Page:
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APN begins editorial outsourcing

August 13, 2007

Media began outsourcing editorial production work in New Zealand yesterday, in a strategy being watched by media outlets in other countries.

A contractor, Pagemasters New Zealand, is now doing the editing and layout work for The New Zealand Herald and several regional and weekly papers.

APN says 20 full-time sub-editors at Pagemasters started work on Sunday in Auckland on an extension of the group’s computer editorial production system.

APN deputy chief executive Rick Neville said that by the end of 2007, Pagemasters will have about 45 editing staff to edit the seven newspapers. That is nearly 30 fewer than the newspapers employed for the job.

Pagemasters is a subsidiary of the Australian Associated Press news agency.

The Engineering, Printing and Manufacturing Union has said the move will erode the quality of news coverage because stories will be handled by editors unfamiliar with local issues.


May 21, 2007

This YouTube clip is of a union protest at the Qantas New Zealand Media Awards held in Wellington on Friday 18 May.
Several journos from the APN group wanted to raise the issue of APN’s outsourcing of sub-editing. They got the banner up, but were shutdown and shoved off the stage pretty quickly.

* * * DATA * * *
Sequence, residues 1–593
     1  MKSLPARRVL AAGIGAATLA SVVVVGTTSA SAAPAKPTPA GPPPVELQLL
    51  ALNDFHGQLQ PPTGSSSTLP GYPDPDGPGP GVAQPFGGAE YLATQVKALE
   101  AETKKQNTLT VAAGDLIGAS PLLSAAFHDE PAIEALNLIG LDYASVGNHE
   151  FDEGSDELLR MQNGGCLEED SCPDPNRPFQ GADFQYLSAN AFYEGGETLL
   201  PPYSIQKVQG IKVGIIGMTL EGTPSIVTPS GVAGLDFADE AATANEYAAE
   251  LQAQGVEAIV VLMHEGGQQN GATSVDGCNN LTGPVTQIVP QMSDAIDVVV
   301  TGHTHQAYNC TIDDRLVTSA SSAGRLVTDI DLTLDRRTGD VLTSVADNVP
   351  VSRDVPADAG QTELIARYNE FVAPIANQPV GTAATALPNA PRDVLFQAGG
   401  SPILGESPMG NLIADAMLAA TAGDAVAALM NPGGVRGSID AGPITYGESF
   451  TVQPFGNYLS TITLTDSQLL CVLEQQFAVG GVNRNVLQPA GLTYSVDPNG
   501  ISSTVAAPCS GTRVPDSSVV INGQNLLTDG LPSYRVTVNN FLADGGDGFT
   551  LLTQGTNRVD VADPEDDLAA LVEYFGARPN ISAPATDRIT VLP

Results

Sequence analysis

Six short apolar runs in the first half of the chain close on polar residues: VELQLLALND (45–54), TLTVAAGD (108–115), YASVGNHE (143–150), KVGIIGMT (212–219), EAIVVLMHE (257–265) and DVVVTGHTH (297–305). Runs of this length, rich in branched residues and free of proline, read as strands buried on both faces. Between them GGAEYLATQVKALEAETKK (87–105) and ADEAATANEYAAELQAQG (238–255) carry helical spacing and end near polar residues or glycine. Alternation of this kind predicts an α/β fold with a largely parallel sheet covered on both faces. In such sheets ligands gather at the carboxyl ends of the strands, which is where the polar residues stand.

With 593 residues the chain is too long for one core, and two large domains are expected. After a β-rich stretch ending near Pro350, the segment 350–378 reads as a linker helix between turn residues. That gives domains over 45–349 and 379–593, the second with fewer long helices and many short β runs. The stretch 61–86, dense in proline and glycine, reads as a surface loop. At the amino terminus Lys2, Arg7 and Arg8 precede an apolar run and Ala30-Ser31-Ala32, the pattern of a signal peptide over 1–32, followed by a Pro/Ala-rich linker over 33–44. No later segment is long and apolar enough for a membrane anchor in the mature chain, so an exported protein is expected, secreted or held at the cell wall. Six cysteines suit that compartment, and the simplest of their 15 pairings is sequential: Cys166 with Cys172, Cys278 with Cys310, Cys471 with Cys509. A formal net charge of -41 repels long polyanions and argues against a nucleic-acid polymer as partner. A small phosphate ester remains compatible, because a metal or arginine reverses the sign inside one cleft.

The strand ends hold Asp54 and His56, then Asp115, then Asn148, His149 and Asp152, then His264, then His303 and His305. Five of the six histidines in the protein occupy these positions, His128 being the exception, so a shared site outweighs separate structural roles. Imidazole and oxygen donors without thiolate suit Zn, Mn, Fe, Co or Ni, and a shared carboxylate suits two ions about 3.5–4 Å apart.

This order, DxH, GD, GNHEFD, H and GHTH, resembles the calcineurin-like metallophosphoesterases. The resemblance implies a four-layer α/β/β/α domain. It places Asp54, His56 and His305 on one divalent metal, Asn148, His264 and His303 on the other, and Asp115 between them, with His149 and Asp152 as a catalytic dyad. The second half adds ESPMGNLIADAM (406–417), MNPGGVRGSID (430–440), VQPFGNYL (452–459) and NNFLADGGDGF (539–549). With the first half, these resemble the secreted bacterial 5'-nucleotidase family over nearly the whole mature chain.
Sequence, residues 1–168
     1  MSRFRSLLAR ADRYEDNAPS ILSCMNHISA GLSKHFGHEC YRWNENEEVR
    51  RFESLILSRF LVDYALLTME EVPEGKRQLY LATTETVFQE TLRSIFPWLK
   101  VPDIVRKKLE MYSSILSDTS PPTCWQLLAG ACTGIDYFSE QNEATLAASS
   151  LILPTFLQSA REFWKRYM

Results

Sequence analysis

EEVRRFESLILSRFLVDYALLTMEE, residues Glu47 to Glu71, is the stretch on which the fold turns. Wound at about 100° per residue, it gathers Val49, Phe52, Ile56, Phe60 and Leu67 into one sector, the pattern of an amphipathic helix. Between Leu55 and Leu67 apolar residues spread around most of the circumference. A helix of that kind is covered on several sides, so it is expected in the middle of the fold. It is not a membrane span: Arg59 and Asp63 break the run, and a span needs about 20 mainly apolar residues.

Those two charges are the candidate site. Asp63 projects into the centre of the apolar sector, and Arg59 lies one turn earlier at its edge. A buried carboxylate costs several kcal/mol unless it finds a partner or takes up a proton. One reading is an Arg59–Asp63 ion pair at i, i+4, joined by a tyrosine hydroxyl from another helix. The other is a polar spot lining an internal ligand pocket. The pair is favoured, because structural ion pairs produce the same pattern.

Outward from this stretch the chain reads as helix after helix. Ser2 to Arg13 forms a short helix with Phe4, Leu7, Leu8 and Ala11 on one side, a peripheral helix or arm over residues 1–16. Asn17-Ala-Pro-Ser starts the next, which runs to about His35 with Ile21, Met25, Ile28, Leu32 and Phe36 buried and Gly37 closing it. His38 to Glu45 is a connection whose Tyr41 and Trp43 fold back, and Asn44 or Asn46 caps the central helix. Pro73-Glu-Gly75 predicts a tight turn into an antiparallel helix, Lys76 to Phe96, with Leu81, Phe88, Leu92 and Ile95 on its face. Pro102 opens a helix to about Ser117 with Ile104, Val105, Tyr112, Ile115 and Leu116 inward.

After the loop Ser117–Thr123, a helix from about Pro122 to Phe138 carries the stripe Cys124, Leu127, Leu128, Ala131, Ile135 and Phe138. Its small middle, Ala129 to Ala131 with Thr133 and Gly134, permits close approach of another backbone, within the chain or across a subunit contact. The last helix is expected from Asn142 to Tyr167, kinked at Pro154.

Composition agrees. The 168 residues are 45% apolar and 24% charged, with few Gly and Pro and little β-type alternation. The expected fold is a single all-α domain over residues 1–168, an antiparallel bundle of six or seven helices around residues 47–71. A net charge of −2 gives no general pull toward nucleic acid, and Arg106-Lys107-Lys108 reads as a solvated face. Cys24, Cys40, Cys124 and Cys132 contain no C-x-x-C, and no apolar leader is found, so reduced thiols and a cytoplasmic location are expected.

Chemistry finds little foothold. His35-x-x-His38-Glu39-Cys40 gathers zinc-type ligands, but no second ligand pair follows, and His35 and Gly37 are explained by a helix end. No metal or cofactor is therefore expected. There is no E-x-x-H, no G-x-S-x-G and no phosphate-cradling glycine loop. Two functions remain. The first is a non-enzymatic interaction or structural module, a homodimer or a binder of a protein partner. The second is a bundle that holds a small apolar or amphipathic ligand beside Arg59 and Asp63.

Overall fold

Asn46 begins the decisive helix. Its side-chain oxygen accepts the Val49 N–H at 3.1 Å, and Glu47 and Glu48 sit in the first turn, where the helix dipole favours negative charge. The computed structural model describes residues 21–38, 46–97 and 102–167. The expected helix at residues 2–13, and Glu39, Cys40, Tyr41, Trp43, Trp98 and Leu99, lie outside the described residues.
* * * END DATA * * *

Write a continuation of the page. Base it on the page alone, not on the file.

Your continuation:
This YouTube clip is of a union protest at the Qan…

May 21, 2007

This YouTube clip is of a union protest at the Qantas New Zealand Media Awards held in Wellington on Friday 18 May.
Several journos from the APN group wanted to raise the issue of APN’s outsourcing of sub-editing. They got the banner up, but were shutdown and shoved off the stage pretty quickly.


We think we’ve got problems with outsourcing

May 12, 2007

Local newsgathering outsourced to India

I’ve written before on APN’s outsourcing of sub-editing, but what about out-sourcing an entire newsroom?
Radical hey?

The California-based Pasedena Now website is advertising for a freelance journalist based in Bangalore to report on local council issues and other daily event coverage in Pasedena.
The website editor thinks he can justify this because the council meetings are broadcast over the web anyway. Here’s a taste of AP copy on the story:

James Macpherson, editor and publisher of the two-year-old Web site pasadenanow.com, acknowledged it sounds strange to have journalists in India cover news in this wealthy city just outside Los Angeles.

But he said it can be done from afar now that weekly Pasadena City Council meetings can be watched over the Internet. And he said the idea makes business sense because of India’s lower labor costs.

“I think it could be a significant way to increase the quality of journalism on the local level without the expense that is a major problem for local publications,” said the 51-year-old Pasadena native. “Whether you’re at a desk in Pasadena or a desk in Mumbai, you’re still just a phone call or e-mail away from the interview.”